I’m a planner. I need to think things through, research if necessary, and plan every detail out. For me, it’s a way to make sure my time isn’t wasted, my days are productive, and I get the most out of every situation. It’s a way to keep me sane. I struggle when things don’t work out as planned. It throws me off, and I sometimes find myself easily overwhelmed. Have you ever done this?
When the Plan Fails
Unfortunately, when this happens I oftentimes overreact and let my emotions take control. Now, it’s one thing for emotions to take control when your alarm doesn’t go off the day of a most important meeting, causing you to rush to get ready, get caught in traffic, and arrive at the airport just in time to see your plane take off knowing you only had an hour between that flight landing and the start of your meeting. It’s another thing for emotions to take control when you bought a headband specifically for your daughter to wear for her first school pictures, and when that day finally comes, the headband is nowhere to be found, so you’re left sticking a simple clip in her hair to keep it out of her face (and her pictures were incredibly precious, by the way). I mean, really. It’s a headband. It’s a picture. No need to treat it like it’s the end of the world, but I won’t lie. That did happen to me, and you would have thought somebody was going to die if she didn’t wear that headband (which we still cannot find).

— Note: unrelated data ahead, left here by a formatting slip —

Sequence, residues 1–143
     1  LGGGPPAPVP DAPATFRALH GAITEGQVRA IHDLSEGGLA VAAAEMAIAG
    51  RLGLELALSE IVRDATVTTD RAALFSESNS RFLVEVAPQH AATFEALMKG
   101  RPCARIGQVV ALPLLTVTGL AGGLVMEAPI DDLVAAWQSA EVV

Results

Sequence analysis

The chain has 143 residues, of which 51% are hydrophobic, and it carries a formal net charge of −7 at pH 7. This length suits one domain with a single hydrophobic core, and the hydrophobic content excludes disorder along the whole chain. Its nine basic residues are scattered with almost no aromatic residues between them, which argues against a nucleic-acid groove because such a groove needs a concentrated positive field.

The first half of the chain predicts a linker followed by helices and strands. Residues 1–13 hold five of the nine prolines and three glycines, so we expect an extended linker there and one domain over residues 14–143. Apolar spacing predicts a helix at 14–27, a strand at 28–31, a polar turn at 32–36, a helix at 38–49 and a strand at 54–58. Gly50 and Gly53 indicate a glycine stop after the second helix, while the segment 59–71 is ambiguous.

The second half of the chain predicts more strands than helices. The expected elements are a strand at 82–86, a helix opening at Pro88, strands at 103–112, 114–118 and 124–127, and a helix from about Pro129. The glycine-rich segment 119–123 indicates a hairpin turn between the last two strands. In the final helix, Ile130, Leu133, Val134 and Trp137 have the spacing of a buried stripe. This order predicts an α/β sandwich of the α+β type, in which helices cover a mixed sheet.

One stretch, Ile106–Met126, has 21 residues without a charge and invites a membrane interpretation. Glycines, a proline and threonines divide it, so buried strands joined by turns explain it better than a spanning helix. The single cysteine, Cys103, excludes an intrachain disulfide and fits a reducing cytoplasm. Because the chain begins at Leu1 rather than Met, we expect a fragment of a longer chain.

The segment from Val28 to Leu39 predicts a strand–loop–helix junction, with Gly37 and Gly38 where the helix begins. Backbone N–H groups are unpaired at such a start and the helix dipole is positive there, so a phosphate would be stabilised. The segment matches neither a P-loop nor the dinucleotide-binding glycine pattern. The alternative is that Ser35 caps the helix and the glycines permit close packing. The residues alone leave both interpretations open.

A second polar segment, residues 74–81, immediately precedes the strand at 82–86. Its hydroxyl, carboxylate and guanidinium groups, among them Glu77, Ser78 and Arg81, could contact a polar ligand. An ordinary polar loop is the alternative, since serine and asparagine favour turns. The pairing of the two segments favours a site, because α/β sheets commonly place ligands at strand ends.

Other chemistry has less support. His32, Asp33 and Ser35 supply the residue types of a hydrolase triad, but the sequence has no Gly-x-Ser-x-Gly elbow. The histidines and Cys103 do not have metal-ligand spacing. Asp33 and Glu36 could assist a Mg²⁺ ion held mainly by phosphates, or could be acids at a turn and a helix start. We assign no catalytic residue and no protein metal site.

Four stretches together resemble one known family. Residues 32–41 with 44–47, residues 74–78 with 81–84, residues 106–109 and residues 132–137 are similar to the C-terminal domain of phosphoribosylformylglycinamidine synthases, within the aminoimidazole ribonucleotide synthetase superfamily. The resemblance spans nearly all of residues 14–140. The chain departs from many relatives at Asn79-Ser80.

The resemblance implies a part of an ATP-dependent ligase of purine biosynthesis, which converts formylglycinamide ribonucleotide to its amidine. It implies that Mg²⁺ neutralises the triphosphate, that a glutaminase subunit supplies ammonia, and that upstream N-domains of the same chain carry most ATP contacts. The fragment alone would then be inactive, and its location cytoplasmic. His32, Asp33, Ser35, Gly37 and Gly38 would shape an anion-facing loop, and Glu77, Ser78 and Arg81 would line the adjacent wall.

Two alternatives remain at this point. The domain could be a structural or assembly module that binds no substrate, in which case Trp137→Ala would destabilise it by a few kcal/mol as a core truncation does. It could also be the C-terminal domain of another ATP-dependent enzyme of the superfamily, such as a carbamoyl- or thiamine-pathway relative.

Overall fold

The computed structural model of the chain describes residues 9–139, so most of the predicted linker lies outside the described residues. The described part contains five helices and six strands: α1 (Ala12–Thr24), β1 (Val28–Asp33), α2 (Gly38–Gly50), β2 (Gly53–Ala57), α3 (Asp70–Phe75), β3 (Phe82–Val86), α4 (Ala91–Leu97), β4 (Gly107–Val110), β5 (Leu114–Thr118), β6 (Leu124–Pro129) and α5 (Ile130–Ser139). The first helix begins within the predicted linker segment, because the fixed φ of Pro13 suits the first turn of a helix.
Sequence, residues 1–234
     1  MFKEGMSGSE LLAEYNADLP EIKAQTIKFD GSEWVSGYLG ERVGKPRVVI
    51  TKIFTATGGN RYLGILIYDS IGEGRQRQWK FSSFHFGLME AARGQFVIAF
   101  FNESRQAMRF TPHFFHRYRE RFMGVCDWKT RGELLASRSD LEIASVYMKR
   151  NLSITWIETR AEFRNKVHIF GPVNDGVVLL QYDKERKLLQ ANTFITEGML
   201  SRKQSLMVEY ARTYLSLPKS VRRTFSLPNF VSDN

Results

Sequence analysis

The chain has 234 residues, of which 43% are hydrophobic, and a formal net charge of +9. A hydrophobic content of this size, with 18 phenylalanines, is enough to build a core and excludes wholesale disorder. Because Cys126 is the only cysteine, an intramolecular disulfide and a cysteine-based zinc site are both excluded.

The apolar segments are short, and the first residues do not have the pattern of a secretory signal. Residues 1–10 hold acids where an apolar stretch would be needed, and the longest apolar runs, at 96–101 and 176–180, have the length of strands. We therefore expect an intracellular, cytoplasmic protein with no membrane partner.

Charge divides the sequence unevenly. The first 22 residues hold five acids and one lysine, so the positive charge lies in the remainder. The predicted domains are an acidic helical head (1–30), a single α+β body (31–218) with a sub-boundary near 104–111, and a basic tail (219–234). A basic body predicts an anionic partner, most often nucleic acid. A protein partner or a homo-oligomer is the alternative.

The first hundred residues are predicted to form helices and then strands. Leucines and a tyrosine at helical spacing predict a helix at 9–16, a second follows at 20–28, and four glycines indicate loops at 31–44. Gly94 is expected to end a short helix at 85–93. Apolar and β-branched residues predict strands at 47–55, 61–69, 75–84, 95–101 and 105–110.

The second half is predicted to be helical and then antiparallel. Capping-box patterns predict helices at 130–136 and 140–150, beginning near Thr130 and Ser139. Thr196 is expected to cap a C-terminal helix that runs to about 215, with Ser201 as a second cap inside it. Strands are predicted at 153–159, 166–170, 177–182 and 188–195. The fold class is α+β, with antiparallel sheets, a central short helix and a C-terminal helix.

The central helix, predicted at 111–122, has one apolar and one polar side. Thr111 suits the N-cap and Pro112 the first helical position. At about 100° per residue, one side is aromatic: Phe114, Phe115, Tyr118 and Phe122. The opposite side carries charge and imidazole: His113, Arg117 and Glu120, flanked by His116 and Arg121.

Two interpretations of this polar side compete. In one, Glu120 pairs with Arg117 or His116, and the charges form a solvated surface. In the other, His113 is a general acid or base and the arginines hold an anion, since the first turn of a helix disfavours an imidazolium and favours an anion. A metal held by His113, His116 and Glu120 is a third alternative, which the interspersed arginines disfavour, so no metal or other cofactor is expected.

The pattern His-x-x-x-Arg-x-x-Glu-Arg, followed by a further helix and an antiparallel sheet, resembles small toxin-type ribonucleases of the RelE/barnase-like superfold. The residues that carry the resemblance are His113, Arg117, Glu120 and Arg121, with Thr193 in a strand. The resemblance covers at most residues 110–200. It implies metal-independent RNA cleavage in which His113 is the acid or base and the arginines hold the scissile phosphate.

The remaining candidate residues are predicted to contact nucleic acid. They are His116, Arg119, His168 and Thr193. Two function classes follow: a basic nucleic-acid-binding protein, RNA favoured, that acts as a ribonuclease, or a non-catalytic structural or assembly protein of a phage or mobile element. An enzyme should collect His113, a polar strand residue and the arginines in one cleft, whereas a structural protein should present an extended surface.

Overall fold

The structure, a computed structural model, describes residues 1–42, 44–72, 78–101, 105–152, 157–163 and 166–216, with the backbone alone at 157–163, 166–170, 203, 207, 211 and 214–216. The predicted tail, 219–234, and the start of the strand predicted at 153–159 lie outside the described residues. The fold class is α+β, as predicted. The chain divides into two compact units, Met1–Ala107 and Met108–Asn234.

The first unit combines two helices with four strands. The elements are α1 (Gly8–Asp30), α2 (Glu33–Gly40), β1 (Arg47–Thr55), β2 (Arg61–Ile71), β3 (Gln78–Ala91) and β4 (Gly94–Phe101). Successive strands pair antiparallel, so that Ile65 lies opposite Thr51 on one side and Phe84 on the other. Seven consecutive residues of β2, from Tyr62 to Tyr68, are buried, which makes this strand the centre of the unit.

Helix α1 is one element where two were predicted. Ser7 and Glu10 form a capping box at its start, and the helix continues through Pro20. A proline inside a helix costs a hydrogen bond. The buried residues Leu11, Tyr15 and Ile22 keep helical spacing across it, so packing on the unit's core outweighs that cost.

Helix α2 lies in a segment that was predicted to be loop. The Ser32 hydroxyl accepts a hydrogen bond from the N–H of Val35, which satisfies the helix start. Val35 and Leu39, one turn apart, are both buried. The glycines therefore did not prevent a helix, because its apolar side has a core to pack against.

Whether it’s something insignificant, like a headband, or something much more, the first thing you need to realize is your emotions will be affected. The next thing you need to realize is . . . it’s okay to feel whatever feelings arise when something doesn’t go as planned. It’s in what you do with those emotions that’s most important.
Don’t Sweat The BIG Stuff
Pastor Doug Walker of Fellowship of the Parks in Keller, TX, recently went through a series entitled Plan B. It couldn’t have come at a more perfect time for me. I had already been going through an extremely tough time with a major “Plan A” taking a turn for the absolute worse. As a planner, major things in my life are never taken lightly. I don’t walk into anything without giving it great thought or without feeling like I’m on track. Regardless of the thought one puts into a particular plan, life doesn’t always comply.
This series opened my eyes and helped me realize several things I hadn’t before:
- Even in the most thought out and well-intended aspects of life, sometimes going to Plan B (or C or D . . .) is inevitable.
- It sometimes takes our emotions longer to catch up to the theology of what we already know, so it’s important to . . .
- Not deny our natural responses when something drastic happens that causes us to have to change our plans.
- God can bless our Plan B (or C or D . . .) if we allow him to.
- God will restore us to an even greater honor after we’ve gone through hardships whether it’s at the hand of others or decisions we’ve made ourselves (Psalm 71:20-21).
So I’m writing this with a smile rather than tears knowing an incredibly significant and very carefully thought out Plan A of mine is in the midst of changing to a Plan B. I’m not smiling because my plan failed, but I’m smiling because no matter what others assume they know, God truly knows. God knows my heart, and I’m smiling because he will restore me to an even greater honor, and he will bless my Plan B so abundantly as I continue to do what he has called me to do and as I do it for his glory and honor and praise. He is my audience of one, and he can and will bless my Plan B. And he will surely do the same for yours!
You have allowed me to suffer much hardship, but you will restore me to life again and lift me up from the depths of the earth. You will restore me to even greater honor and comfort me once again. Psalm 71:20-21 NLT
If you would like to listen to this series, please click FOTP Plan B.